Emergency Fund Levels
Six Days of Expenses: Cash – Keeping nearly a week’s worth of your average spending in cash on hand. You don’t have carry the full amount on your person at all times; a locked safe at home with a few hundred dollars in it would be an excellent idea. That way, you’ll have a little money available for those sudden unexpected expenses, or if (knock on wood) you find yourself in a disaster a la the aftermath of Katrina, unable to reach a bank and unable to use credit cards to get needed supplies.
Six Weeks of Expenses: Bank Account – Once you’ve got a nice cash supply, the next step is put some money away into a regular, brick and mortar bank account. This will form the basis of much of your financial life, and will also provide a ‘hub’ to which you can link other accounts (like an online bank or investment firm). Most importantly for our purposes, a bank gives you a safe place to put some extra money, enough to cover your regularly monthly bills (and then some, hopefully). This will form the bulk of your buffer fund, keeping you from living pay check to pay check and having to hope you can cash your latest check in time to cover the monthly expenses.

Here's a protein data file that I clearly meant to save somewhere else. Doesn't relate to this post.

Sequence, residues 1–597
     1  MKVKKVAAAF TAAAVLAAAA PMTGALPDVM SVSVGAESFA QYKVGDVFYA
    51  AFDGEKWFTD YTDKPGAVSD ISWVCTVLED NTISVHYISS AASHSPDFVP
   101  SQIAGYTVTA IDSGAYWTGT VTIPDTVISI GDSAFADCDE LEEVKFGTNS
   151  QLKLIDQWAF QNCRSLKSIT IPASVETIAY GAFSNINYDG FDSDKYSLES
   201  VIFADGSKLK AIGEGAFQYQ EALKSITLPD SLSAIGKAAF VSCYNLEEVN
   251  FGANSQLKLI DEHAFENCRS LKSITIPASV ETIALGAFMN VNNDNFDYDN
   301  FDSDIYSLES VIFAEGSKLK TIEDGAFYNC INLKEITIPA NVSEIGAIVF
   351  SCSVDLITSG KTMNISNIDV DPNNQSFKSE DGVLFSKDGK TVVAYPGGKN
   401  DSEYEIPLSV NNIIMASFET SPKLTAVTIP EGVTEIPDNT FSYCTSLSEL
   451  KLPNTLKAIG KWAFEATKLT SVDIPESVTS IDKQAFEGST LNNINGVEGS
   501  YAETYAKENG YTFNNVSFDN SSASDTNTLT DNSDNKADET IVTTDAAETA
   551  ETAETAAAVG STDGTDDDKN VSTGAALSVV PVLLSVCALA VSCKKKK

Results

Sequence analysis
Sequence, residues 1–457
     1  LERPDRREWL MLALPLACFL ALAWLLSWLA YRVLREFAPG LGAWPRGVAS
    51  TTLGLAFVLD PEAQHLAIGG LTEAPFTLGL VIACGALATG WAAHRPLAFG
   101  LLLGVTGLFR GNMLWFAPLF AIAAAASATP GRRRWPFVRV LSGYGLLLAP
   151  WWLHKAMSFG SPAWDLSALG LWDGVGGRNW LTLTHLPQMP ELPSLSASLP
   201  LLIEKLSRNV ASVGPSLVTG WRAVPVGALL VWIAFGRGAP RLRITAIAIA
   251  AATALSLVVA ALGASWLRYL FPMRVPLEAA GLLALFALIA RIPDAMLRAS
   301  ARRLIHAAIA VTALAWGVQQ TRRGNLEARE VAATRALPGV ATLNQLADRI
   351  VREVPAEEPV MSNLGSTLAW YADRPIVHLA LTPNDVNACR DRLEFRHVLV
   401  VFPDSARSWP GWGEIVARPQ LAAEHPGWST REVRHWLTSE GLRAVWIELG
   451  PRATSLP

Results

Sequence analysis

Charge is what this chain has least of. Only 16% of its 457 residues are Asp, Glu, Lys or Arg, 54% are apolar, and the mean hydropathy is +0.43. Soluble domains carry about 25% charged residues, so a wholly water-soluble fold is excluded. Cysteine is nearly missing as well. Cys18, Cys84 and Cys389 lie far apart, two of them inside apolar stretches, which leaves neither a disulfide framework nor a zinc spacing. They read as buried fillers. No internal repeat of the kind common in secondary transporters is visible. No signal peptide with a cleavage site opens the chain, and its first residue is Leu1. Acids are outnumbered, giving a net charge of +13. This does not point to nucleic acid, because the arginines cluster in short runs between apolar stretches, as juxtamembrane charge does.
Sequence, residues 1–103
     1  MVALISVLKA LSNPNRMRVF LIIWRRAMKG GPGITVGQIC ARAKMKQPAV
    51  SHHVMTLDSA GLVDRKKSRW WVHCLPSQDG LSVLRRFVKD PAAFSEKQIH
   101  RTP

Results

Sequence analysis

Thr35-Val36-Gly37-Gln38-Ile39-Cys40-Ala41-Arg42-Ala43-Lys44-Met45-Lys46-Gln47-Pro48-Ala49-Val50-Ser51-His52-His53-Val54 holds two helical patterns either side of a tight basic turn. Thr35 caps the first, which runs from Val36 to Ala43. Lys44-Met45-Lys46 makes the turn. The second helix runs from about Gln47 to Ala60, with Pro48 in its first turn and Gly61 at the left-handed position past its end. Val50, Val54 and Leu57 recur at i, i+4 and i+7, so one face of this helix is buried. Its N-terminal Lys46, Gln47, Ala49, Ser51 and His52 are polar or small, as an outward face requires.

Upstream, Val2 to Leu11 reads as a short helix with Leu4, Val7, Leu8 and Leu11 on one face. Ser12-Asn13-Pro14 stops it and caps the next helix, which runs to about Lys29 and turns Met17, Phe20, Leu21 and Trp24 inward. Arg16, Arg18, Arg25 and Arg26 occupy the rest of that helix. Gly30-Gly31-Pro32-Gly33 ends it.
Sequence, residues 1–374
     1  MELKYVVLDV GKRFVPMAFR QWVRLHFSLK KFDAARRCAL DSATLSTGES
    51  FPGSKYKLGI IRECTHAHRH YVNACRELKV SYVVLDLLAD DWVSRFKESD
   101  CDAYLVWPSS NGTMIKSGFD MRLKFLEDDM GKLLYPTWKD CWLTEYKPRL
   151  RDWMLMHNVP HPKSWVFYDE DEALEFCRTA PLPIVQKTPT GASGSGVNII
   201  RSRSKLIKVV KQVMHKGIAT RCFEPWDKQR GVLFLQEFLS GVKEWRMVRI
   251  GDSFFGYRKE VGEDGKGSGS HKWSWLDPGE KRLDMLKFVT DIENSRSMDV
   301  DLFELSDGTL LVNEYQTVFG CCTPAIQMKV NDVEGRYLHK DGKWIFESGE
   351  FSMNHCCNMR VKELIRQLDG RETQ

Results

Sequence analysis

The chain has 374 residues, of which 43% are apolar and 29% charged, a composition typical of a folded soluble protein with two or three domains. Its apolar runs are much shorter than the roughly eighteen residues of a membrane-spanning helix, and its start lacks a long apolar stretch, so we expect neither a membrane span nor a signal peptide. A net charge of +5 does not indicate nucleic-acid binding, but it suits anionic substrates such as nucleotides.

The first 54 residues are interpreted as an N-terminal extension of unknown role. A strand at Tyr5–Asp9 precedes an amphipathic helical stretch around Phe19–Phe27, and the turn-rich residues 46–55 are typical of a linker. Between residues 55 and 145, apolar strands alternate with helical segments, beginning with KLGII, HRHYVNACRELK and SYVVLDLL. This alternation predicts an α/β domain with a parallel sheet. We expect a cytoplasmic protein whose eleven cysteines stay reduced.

Six Months of Expenses: Online Savings Account or CD Ladder – The disadvantage of accounts with traditional brick and mortar banks is that they tend to have very low yields, regardless of whether you have a checking or savings account. The cost of being able to run to the ATM or write a check against the balance in your account is a low interest yield. Once you have enough money stored away to cover your monthly expenses, you can start trying to seek a higher yield for your money (while still keeping it safe). Online savings accounts, like those for ING, HSBC, or Smartypig, make it harder to get your money (you’ll usually have to a wait a few days to transfer the funds), but offer a much higher yield than most traditional banks in exchange.